Your childhood wasn’t exactly a good one. A mother who had too many kids with too many men, in a small shack-like home built for two. Who your father was, you had no idea. He didn’t matter. You don’t remember a time when you aren’t panhandling for money from passing tourists and trainers. You don’t know a time when you’re not forcing stolen food into your siblings hands, begging them to run and bring it home. This is your life, a life you don’t know is wrong. You don’t know better, not until a man comes to the house just a handful of weeks after your ninth birthday.
He says he works for the Alolan government. You - and your siblings - need to go with him.
It takes them almost two hours to wrangle you and your siblings into the back of the van. Your mother simply waves from her spot on the porch, her latest child suckling at her breast. You don’t know if you’ll see her again. In that very moment, you don’t care if you do.
You and your siblings arrive at the facility. Your sisters are taken away from you, and then your brothers are separated by age. Fear grips you like nothing you had ever felt before. What was going on? Who were these people? Where were your siblings? Why was this happening? You’re given a uniform and a tiny bedroom and told that this is where you’ll stay while you wait for your new parents to come. You’re nine and a half years old. You’re almost too old to be adopted.
It happens just a year after the people had taken you.
A young woman with wild red hair and kind green eyes approaches you. Her name is Maya, and she lives in Kanto. You haven’t seen your siblings in months. The ache in your chest from the separation flares as this woman talks about her home, and the toys you’ll have, and the Pokemon you’ll see. You don’t know where your siblings are. You don’t know where your mother is, where you are- Maya was giving you a chance to become someone who didn’t steal food for their siblings or money for their mother. She’s giving you a second chance at life, and you’d be an idiot not to take it.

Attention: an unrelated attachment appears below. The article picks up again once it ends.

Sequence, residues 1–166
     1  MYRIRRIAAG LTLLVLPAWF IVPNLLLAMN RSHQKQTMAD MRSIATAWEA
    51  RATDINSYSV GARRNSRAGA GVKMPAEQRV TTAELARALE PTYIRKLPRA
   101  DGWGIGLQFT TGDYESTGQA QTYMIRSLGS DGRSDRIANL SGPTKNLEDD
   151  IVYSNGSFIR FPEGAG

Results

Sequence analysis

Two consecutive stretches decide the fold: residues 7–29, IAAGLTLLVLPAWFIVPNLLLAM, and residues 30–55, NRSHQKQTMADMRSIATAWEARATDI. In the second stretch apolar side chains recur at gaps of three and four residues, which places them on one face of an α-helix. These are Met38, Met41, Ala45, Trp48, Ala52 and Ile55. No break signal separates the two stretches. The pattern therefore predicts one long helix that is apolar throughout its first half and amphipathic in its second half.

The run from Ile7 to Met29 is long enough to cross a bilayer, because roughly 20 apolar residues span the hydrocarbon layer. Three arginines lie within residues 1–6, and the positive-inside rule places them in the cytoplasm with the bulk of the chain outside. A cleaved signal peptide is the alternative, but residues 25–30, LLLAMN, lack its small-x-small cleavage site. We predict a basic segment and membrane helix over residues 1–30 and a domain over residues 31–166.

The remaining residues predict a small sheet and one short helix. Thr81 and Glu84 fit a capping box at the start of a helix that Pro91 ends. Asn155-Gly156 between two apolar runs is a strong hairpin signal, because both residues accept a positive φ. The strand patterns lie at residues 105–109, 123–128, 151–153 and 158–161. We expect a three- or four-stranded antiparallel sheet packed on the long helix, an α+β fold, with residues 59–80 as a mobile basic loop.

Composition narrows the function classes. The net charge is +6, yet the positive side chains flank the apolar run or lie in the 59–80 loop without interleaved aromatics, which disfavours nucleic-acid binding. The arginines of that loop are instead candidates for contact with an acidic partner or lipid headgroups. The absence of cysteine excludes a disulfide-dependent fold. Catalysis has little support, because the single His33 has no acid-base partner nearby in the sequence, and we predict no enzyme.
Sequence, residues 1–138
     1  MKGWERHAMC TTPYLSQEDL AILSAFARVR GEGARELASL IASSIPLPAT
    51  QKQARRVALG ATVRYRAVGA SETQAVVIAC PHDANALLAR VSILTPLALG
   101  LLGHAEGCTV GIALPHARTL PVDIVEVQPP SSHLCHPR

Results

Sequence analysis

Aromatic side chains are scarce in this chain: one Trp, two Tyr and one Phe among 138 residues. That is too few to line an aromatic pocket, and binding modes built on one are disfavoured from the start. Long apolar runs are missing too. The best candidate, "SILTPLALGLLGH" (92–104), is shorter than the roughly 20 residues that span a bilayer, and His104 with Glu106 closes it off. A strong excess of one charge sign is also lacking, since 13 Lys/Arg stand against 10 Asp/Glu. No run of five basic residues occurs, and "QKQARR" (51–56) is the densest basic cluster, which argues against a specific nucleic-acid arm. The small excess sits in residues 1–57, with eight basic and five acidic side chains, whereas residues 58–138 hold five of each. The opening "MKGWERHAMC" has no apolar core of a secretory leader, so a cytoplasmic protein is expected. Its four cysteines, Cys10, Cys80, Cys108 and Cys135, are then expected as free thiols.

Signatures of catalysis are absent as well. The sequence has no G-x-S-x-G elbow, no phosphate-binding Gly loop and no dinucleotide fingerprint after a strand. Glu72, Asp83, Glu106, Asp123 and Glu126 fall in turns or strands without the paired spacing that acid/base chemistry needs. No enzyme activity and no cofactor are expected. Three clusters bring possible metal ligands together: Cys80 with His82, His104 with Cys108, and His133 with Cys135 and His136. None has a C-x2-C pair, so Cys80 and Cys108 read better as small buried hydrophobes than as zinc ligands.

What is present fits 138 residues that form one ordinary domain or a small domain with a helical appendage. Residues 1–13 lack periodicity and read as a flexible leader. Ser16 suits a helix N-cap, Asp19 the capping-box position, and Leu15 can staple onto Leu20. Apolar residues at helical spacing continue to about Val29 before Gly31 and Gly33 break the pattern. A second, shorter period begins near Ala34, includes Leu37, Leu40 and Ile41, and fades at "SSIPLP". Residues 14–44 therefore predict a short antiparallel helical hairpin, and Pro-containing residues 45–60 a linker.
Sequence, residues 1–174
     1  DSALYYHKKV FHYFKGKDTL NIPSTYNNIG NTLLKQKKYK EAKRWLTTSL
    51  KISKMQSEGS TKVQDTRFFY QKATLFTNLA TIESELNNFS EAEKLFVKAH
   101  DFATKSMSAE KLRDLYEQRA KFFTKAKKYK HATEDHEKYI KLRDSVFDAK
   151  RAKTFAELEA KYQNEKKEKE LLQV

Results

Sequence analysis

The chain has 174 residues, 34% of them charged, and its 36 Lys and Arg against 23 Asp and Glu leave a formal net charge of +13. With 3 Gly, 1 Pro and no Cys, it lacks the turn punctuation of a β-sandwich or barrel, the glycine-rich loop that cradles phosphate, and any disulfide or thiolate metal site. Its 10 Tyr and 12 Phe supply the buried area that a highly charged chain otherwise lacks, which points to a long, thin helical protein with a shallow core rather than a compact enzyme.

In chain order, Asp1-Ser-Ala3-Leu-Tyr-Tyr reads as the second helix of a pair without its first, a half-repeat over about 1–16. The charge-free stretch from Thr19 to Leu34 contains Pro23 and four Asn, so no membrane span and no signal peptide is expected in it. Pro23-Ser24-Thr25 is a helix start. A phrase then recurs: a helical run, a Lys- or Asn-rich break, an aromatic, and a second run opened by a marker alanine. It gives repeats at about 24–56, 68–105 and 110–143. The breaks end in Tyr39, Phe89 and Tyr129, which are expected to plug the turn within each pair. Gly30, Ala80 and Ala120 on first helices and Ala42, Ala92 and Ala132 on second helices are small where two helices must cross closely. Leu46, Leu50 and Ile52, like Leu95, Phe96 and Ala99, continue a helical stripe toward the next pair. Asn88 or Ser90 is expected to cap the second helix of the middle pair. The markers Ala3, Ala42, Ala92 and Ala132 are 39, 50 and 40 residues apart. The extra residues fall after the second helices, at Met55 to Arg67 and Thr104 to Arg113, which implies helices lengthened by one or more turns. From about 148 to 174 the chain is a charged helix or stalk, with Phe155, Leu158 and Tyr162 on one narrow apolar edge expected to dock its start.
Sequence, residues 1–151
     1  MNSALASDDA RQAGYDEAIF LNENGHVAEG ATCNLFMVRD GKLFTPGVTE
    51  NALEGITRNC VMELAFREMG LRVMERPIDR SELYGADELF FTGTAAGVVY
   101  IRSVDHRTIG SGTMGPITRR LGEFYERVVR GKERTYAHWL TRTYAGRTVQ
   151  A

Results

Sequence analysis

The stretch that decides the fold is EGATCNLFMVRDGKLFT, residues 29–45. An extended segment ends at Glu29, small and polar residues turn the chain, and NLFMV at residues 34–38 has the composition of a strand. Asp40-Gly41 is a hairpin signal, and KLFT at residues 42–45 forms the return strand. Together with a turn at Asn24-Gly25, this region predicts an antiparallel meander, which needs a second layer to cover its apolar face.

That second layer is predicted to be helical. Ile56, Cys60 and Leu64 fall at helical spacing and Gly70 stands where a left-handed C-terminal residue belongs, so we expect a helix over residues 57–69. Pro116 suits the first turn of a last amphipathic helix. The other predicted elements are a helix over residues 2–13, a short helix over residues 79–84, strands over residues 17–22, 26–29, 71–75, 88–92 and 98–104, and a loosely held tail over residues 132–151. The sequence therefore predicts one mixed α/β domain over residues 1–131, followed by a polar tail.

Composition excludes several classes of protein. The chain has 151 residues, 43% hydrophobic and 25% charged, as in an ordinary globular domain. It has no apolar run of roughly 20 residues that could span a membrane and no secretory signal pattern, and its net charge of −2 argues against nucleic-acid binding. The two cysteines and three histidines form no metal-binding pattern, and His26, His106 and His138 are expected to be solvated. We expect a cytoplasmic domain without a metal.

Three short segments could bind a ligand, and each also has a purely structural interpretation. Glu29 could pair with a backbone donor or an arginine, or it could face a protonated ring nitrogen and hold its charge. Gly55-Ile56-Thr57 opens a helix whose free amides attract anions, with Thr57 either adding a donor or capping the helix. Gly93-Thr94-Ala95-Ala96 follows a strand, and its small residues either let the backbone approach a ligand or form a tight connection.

You spend an hour with her, steadily picking her brain, asking questions and making comments. You almost tell her ‘yes’ right away, instead you make her work for it. By the end of the visit, you’ve already made up your mind. Your siblings were old enough to look after themselves, and if they were smart they’d fall into the right hands like you did with Maya. You take the small gathering of your possessions, and the following morning you board a plane that’ll take you to your new home.
Kanto was nothing like Alola. Maya lived in Cerulean City; straddled by a mountains. It was busy; children running around without the fear of being chased by the force, Pokemon following, or watching, adults conversing like nothing was wrong. You were impressed. No one begged for food or money here. Maya showed you to your bedroom, explained that while you lived with her and her husband, you could come and go as you pleased as long as you told them where you were going.
Never leave the city without a Pokemon is one rule you learn to hate early.
You spent the next few years assimilating to the culture and the people. You’re enrolled in the local Trainer’s School. You immediately have a problem with the teachers, and Maya is called a few times from work to come get you. You’re pulled from school before the end of the year, and on any of Maya’s off days you spend in the kitchen, doing the work she managed to get her hands on from the Trainer’s School. You’re fourteen when you finally earn a license to obtain and train Pokemon.
A little older than most starting Trainers, you pack a bag, say your goodbyes to your adopted mother and father, and head down to Pallet. The years you spent training, battling gyms and reaching the League have all but been pushed together as one long blurry memory. You collect all eight badges without issue. The League decimated your team. You lose, and with your loss you tuck your tail between your legs and head home.
You grow resentful of those who make it to the televised portion of the League. The winners become household names overnight. Losers are short-running jokes on the radio. This resentment is probably what finally brought you to go travelling for weeks at a time with a few Pokemon, seeking something… more.